In the Cooper Basin, we expect to have our busiest year yet with some 19 wells budgeted. This will increase oil reserves and oil production in the high-margin Western Flank oil fields. We've already started the Parsons 3 well drilling program. We will announce the results of these 3 wells when we've completed the third well in the next few weeks.

Slide 23. Our committed and planned activities in FY '20, are targeted to set up further production growth in the offshore Otway and the Gippsland basins; and the Cooper Basin and the onshore Otway basin, depending on exploration success. Within the existing portfolio, we now have multiple near- and medium-term growth opportunities and we will be optimizing this portfolio and the work programs to further maximize value. The results of the FY '20 program will then influence and determine the next year's program. This is further illustrated on Slide 24, where we've outlined the planned activities which we expect to generate growth in the near and medium terms. I don't plan to go into that slide in any detail.

So to wrap up and summarize. The successful projects and activities in FY '19, particularly on the Sole project and the operational and market fronts, has laid the foundation for significant growth in FY '20. And in FY '20, we have exploration, development and commercial activities underway which will be the next wave of new projects to sustain the production, revenue and operating cash flow growth from FY '21 and onwards.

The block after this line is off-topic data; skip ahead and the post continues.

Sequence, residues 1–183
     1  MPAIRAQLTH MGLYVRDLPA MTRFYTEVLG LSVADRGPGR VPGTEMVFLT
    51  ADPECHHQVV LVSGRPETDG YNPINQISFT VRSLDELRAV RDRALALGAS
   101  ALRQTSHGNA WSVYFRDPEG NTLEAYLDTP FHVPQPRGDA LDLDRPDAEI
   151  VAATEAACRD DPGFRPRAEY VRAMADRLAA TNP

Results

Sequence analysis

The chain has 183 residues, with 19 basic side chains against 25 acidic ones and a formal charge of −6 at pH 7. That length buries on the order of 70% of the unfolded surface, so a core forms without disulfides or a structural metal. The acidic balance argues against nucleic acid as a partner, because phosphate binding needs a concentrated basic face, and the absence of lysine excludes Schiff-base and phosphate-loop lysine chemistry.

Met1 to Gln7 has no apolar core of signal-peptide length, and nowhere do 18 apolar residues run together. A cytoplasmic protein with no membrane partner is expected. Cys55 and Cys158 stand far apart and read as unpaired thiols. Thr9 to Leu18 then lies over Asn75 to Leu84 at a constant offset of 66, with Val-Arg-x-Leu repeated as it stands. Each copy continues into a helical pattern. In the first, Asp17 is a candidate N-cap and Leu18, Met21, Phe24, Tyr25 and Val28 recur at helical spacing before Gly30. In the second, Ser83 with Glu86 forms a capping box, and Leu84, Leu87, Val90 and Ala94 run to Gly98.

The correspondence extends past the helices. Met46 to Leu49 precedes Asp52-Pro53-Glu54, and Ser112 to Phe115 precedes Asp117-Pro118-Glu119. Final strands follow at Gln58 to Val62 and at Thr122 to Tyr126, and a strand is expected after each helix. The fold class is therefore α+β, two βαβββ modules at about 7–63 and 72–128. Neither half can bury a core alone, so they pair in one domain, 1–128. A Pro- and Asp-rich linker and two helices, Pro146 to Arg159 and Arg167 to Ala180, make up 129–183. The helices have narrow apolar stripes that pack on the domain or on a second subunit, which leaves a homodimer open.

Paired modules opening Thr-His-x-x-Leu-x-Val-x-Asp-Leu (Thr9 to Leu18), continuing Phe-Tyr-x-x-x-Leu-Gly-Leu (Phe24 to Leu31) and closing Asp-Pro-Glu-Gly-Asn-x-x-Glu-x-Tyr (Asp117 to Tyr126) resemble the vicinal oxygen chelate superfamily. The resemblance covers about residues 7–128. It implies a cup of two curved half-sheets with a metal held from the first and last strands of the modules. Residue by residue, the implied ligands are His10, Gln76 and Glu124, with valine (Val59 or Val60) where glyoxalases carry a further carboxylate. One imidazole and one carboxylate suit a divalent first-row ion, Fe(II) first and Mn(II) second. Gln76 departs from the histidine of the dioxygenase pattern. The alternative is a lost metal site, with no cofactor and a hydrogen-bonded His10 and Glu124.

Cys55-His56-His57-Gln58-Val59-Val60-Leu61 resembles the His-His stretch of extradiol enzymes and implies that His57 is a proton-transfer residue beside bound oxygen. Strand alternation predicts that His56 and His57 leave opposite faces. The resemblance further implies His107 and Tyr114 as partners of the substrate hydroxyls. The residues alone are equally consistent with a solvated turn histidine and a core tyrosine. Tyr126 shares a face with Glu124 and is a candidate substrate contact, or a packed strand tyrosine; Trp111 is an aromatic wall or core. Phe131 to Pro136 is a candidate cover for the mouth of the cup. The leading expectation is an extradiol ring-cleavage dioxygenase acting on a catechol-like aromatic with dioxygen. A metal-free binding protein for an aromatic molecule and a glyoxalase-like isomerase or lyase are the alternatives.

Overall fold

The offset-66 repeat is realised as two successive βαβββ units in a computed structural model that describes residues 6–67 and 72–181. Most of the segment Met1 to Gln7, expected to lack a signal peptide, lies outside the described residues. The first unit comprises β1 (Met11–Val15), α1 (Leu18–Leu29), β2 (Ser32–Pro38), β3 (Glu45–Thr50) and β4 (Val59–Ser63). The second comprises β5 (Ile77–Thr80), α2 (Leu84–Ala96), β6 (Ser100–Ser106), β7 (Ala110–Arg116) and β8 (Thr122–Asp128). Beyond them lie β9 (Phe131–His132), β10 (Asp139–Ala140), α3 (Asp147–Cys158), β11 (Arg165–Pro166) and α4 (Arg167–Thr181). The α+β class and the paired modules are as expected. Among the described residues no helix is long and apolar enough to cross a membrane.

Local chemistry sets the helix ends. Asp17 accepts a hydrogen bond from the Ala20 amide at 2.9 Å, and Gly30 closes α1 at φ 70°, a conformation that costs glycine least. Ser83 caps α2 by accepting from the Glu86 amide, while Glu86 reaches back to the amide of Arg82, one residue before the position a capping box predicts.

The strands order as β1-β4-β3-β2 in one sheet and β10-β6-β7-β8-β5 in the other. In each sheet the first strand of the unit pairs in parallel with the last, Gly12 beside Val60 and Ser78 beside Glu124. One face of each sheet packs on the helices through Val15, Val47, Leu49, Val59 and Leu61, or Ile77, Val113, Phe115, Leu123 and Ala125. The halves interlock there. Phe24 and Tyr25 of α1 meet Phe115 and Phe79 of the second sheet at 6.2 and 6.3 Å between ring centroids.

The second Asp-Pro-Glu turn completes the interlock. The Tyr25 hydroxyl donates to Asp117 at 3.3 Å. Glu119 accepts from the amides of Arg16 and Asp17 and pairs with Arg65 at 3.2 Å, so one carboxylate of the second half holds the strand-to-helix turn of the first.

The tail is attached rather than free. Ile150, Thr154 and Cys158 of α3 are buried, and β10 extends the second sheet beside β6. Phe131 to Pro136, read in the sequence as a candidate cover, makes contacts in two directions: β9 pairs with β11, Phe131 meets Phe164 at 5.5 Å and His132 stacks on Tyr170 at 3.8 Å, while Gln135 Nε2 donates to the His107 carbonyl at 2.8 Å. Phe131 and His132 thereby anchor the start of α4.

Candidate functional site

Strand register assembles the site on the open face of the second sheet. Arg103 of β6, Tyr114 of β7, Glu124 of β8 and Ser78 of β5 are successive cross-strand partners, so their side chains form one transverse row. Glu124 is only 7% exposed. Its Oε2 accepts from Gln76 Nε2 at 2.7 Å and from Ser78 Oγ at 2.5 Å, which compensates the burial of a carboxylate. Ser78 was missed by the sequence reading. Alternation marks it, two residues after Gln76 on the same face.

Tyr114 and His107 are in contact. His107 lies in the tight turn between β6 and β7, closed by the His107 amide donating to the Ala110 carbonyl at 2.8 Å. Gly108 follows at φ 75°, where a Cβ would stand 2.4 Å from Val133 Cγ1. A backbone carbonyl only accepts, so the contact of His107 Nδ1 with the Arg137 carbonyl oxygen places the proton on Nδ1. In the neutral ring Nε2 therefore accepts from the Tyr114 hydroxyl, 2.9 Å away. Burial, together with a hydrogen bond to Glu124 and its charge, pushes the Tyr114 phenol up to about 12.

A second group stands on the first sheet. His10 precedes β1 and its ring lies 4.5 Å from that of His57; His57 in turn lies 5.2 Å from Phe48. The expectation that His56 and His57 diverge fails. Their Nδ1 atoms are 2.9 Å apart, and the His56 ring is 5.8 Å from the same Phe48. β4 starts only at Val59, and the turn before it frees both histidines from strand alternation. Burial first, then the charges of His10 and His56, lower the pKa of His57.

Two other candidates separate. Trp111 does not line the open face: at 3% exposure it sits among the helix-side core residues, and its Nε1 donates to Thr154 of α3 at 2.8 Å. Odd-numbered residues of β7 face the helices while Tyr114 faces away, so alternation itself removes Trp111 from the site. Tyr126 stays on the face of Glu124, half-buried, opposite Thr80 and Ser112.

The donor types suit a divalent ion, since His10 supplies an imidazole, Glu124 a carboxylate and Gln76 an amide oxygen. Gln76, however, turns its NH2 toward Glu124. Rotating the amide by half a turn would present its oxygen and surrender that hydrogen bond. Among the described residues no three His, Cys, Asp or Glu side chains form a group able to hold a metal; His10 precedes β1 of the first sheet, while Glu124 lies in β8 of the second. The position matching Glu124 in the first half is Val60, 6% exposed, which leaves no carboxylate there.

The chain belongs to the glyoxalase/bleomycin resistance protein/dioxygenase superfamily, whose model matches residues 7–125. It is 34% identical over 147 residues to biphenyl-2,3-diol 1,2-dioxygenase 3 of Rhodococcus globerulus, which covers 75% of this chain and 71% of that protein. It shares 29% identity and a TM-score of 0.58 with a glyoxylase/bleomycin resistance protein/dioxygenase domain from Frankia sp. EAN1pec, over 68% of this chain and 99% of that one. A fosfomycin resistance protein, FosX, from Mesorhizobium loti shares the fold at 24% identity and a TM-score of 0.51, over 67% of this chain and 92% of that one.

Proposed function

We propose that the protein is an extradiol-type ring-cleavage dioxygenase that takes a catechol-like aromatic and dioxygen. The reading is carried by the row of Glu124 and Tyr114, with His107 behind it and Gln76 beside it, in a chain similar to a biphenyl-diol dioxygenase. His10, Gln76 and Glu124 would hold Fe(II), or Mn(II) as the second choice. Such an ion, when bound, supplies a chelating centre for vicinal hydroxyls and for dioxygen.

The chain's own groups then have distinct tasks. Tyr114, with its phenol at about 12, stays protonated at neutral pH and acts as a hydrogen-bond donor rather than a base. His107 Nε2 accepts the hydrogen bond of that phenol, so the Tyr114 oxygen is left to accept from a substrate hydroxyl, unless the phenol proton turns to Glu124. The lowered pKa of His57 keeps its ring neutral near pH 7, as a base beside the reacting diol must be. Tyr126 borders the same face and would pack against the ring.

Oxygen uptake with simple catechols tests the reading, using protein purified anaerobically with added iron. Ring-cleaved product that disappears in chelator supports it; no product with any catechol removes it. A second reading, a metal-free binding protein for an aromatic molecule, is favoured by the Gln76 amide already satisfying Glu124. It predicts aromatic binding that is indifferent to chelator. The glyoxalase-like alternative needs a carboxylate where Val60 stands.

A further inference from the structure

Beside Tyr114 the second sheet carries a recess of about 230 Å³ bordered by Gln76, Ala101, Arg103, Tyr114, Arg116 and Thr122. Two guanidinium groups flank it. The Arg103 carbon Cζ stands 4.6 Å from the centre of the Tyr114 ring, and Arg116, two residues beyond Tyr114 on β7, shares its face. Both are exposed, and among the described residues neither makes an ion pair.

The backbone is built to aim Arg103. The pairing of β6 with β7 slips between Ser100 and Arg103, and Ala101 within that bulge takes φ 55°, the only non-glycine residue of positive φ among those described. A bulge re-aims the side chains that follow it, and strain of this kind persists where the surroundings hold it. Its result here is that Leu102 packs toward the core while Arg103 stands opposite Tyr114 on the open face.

Thank you, and we will now welcome any questions.

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Questions and Answers

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Operator [1]

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(Operator Instructions) Your first question comes from Ben Wilson from the Royal Bank of Canada.

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Benjamin Wilson, RBC Capital Markets, LLC, Research Division - Analyst [2]